I arrived there at 3.30pm following the NSW Wine Awards luncheon and was told that – the day session finished at 4.30pm, at which time everybody had to leave, the evening session did not start until 5.30 and that I would have to purchase a new $30 ticket to get into the evening session. Given the choice of waiting two hours to get in or spending just one hour having a quick look around, I opted for the later. As I went to pick up a tasting glass, I was told that they were not included in the entrance price as is the case in every other wine festival I have ever been to, BUT that it would cost me an extra $5. The glasses they were using weren’t even XL5’s, but rather they looked like the sort of glasses one got in country pubs or RSL’s, back last century – i.e. they did nothing to enhance the wine in them.
Friday was quite hot and humid in Sydney and the engine shed being a huge, very old building, had by the time I got there, warmed up enough to resemble a sauna despite the fact that there weren’t many people attending. The few pedestal fans that were scattered around the place were merely disturbing the steamy air a little bit and within 10 minutes I was dripping wet with perspiration.
However, the stalls themselves were well laid out by region and genre and the map issued made them easy to find. There were some excellent wines there including the stunning sparkling wines from The House of Arras, which in my opinion rival many a French Champagne. Other notable stands were the five from Tasmania, whose wines were eminently drinkable especially those of Bream Creek – their Chardonnay is the closest wine I have found in Australia to a good, mid-range Burgundy, with those cheesy-leesy-nutty characters. They also make one of the only Schönburger (a rare German white wine variety) in Australia.
There were five stands representing overseas wines and four “multi-region” stands which included the ubiquitous Wine Selectors and a small outfit called Loose Goose Wines, with a portfolio which includes: 919 Wines from Berri (who make outstanding alternative variety wines) and Neil Hahn Wines from the Barossa (who’s Catharina Barossa Shiraz, an awesome wine, is made from vines planted in 1968).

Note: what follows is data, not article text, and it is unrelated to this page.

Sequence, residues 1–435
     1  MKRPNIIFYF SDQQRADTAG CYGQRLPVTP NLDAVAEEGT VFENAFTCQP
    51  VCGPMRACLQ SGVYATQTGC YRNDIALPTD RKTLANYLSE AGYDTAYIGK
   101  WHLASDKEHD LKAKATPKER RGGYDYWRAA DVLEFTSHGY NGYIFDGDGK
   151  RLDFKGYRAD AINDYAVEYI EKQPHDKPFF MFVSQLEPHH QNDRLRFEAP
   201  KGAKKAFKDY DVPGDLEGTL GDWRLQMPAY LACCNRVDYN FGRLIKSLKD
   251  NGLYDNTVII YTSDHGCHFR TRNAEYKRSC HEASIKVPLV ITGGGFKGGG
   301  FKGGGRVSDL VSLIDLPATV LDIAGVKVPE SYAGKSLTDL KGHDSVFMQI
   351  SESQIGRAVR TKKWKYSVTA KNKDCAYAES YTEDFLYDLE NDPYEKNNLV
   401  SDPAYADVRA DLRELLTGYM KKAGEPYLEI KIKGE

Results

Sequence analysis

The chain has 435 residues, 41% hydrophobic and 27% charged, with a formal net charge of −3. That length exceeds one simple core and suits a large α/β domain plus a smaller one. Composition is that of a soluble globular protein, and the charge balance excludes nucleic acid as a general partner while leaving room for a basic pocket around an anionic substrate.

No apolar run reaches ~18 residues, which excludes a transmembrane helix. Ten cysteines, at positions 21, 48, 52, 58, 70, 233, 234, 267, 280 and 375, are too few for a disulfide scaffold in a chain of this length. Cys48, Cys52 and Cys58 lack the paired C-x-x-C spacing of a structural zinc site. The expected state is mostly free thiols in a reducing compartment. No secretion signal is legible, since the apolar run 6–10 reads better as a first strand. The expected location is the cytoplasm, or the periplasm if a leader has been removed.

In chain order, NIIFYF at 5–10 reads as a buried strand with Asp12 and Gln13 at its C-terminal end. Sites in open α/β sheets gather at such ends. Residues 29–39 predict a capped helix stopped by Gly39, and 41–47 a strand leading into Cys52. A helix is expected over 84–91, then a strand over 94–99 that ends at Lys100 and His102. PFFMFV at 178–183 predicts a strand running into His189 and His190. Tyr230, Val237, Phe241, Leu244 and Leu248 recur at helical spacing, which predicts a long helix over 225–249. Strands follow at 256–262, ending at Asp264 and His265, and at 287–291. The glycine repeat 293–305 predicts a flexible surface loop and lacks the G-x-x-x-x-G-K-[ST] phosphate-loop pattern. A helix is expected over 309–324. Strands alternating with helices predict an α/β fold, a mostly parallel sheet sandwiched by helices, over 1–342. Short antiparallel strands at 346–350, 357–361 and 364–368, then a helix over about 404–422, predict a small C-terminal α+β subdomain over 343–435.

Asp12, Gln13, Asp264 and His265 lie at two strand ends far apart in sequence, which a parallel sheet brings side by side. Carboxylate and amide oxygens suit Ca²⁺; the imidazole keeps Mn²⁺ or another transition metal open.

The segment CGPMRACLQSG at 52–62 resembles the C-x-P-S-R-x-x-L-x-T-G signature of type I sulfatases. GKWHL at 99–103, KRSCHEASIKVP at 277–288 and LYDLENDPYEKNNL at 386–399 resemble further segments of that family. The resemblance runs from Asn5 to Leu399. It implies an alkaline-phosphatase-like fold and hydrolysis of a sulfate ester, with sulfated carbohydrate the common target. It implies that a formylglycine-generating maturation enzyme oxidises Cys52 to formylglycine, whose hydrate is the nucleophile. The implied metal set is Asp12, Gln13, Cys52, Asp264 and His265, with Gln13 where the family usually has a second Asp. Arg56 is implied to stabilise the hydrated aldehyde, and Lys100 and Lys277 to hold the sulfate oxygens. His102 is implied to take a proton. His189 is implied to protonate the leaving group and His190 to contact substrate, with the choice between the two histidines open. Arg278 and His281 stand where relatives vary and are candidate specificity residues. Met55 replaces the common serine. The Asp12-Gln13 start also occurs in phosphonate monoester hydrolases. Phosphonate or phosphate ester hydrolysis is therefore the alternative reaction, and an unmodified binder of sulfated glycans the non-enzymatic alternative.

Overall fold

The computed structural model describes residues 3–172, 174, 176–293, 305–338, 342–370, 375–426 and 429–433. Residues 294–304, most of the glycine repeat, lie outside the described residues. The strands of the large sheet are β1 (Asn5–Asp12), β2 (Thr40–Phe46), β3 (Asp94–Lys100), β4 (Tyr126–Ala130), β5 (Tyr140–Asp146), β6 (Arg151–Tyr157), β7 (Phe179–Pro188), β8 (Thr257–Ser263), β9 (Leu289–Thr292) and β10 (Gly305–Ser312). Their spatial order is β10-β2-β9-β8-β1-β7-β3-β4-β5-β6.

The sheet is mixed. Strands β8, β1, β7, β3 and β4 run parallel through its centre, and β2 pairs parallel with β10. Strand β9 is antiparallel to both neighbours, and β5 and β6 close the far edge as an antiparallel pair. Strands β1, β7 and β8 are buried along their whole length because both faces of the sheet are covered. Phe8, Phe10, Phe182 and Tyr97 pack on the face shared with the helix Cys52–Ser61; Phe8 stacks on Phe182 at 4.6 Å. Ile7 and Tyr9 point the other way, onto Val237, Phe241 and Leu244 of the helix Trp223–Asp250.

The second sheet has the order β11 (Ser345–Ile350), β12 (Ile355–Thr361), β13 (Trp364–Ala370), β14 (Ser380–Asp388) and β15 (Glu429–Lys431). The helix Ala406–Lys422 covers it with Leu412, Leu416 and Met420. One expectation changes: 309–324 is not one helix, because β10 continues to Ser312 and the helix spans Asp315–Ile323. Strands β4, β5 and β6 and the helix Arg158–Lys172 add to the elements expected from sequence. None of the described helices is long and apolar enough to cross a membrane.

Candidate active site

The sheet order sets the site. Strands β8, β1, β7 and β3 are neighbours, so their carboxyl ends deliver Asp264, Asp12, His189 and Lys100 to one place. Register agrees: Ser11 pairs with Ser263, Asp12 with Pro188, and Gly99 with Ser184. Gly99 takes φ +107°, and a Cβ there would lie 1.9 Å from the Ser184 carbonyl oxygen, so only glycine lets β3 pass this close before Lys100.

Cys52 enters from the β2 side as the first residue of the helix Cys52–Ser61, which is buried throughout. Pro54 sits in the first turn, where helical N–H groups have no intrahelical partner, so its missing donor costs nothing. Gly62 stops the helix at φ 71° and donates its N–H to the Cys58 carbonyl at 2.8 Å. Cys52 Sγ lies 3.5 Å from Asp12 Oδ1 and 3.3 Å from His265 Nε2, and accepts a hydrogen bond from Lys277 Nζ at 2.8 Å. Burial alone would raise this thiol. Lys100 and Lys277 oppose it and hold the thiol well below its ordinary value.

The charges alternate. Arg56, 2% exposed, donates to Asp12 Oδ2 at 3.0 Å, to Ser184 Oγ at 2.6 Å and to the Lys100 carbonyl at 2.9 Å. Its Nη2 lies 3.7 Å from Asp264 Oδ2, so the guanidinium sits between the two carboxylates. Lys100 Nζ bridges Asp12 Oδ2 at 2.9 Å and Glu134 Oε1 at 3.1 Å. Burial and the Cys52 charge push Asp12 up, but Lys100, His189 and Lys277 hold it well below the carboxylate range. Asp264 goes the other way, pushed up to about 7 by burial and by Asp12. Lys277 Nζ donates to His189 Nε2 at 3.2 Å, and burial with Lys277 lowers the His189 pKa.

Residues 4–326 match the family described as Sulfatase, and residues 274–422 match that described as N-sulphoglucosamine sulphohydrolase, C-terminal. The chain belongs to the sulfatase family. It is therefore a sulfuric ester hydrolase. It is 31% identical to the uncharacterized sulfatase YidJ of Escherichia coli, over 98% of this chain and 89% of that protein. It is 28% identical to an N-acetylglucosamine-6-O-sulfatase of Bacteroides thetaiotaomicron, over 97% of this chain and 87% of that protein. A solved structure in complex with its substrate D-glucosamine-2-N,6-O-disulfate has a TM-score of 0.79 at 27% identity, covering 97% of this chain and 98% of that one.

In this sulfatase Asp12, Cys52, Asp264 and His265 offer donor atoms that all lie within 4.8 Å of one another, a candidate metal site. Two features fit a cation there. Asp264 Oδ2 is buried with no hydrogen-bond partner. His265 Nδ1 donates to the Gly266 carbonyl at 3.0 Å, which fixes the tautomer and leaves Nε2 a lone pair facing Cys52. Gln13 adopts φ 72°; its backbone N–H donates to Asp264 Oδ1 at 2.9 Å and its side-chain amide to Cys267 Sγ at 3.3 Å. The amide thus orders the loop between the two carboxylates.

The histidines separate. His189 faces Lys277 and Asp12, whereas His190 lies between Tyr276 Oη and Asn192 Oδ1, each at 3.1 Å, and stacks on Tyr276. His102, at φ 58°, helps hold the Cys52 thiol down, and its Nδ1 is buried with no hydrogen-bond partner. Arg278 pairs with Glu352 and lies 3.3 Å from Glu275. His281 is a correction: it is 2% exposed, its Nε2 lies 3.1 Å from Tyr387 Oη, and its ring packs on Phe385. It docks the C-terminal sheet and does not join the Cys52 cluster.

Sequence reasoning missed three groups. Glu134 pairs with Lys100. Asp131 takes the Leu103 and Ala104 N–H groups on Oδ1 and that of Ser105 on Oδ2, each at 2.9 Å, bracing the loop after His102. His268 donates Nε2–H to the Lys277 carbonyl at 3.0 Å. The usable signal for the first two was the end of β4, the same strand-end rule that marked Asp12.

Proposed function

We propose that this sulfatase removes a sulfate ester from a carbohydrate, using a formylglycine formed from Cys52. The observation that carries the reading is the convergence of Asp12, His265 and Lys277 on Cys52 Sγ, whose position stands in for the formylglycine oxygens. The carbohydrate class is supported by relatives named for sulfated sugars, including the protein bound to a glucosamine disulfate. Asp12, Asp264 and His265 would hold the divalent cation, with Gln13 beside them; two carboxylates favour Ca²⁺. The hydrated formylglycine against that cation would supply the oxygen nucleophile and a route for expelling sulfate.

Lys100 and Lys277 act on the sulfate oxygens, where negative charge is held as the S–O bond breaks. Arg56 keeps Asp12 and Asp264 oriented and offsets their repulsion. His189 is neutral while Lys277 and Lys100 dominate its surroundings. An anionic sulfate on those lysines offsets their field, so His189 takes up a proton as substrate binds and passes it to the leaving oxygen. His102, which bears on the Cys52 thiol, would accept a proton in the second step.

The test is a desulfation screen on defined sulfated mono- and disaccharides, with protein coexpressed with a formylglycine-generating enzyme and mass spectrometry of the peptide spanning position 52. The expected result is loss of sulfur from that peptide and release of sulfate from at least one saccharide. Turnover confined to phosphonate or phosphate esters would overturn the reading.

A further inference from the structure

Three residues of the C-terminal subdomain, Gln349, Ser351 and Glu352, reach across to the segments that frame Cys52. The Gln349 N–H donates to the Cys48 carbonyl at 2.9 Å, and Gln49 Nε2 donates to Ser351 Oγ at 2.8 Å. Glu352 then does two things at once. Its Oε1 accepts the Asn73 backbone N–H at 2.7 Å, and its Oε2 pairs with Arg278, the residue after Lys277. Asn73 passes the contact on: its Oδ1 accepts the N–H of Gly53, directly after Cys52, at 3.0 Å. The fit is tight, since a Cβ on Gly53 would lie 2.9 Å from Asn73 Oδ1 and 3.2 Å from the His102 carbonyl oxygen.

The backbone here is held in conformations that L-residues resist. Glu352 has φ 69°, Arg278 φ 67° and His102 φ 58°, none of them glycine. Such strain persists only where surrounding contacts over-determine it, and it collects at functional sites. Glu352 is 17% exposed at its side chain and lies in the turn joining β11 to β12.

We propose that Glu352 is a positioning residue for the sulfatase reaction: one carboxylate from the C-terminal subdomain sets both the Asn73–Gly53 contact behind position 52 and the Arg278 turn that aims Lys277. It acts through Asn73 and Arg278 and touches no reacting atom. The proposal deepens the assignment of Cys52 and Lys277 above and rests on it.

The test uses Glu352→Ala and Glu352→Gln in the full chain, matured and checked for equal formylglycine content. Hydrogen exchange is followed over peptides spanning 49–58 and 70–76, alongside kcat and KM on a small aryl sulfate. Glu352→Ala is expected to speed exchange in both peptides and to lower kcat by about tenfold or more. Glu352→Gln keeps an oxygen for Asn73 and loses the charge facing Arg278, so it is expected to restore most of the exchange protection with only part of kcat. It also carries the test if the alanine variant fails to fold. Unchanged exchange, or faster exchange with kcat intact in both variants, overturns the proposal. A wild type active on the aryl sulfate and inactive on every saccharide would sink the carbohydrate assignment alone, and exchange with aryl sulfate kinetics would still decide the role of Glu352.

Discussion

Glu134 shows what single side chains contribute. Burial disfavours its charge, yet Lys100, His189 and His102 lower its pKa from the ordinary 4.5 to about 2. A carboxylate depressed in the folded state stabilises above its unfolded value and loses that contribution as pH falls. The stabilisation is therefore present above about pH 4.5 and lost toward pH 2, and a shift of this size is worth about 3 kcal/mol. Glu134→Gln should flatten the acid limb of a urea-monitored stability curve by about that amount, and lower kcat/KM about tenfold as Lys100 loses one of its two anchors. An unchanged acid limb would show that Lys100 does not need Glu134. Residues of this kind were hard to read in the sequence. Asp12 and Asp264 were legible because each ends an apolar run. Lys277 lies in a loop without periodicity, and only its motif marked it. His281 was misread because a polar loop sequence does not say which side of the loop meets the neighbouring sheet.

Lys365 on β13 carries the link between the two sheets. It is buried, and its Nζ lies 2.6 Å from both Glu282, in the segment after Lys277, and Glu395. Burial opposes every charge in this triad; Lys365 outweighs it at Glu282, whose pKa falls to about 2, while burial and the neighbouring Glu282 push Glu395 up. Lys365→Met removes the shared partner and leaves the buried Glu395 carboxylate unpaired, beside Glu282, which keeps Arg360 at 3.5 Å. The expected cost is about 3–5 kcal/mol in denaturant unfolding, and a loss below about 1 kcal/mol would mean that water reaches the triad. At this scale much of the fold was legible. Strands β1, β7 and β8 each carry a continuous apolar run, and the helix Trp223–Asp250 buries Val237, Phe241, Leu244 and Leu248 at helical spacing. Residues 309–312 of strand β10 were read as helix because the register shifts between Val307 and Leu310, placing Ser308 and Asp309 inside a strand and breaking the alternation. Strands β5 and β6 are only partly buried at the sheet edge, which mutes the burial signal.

Another area worth a mention was the Canberra section. It had only two wineries but they well represented what the area is capable of producing. The first was Mount Majura Wines who make excellent wines, including their 2014 Riesling which won two trophies at this year’s Canberra International Riesling Challenge and the second was Eden Road Wines. Eden Road made a BIG splash in 2009 when their initial vintage (2008) Long Road Shiraz won the Jimmy Watson Trophy. Since then every time I have tried their wines, I have liked them and been impressed. Their 2012 Chardonnay won a Gold medal at this year’s NSW Wine Awards. As I was about to taste their wines, the announcement was made that service had ceased and we had to leave straight away. Curses! Foiled again!!
So my verdict is that the event is a great vehicle for promoting food and wine in our most populous city, but that the organisers need to lift their game quite a bit in order for it to be professional and reach an acceptable standard.
Having being evicted from the big shed, I got a rude shock when I paid for the car parking – $20 for just over an hour – ouch, that is steep even by Sydney standards where all day parking down by the Harbour at Walsh Bay was $55.
Being Friday afternoon in Sydney, the normal 30-45 minute trip from Eveleigh (near the airport) to Hornsby (my accommodation) took a painstaking, 1 hour and 59 minutes. So on this visit I have been parked at the bottom of Sydney harbour (stuck in the tunnel), parked above Sydney harbour (stuck in traffic on the Harbour Bridge) and parked under a suburb (stuck in the Lane Cove Tunnel), I do like to visit Sydney, but boy am I glad that I live in Adelaide – our traffic woes are insignificant compared to Sydney’s.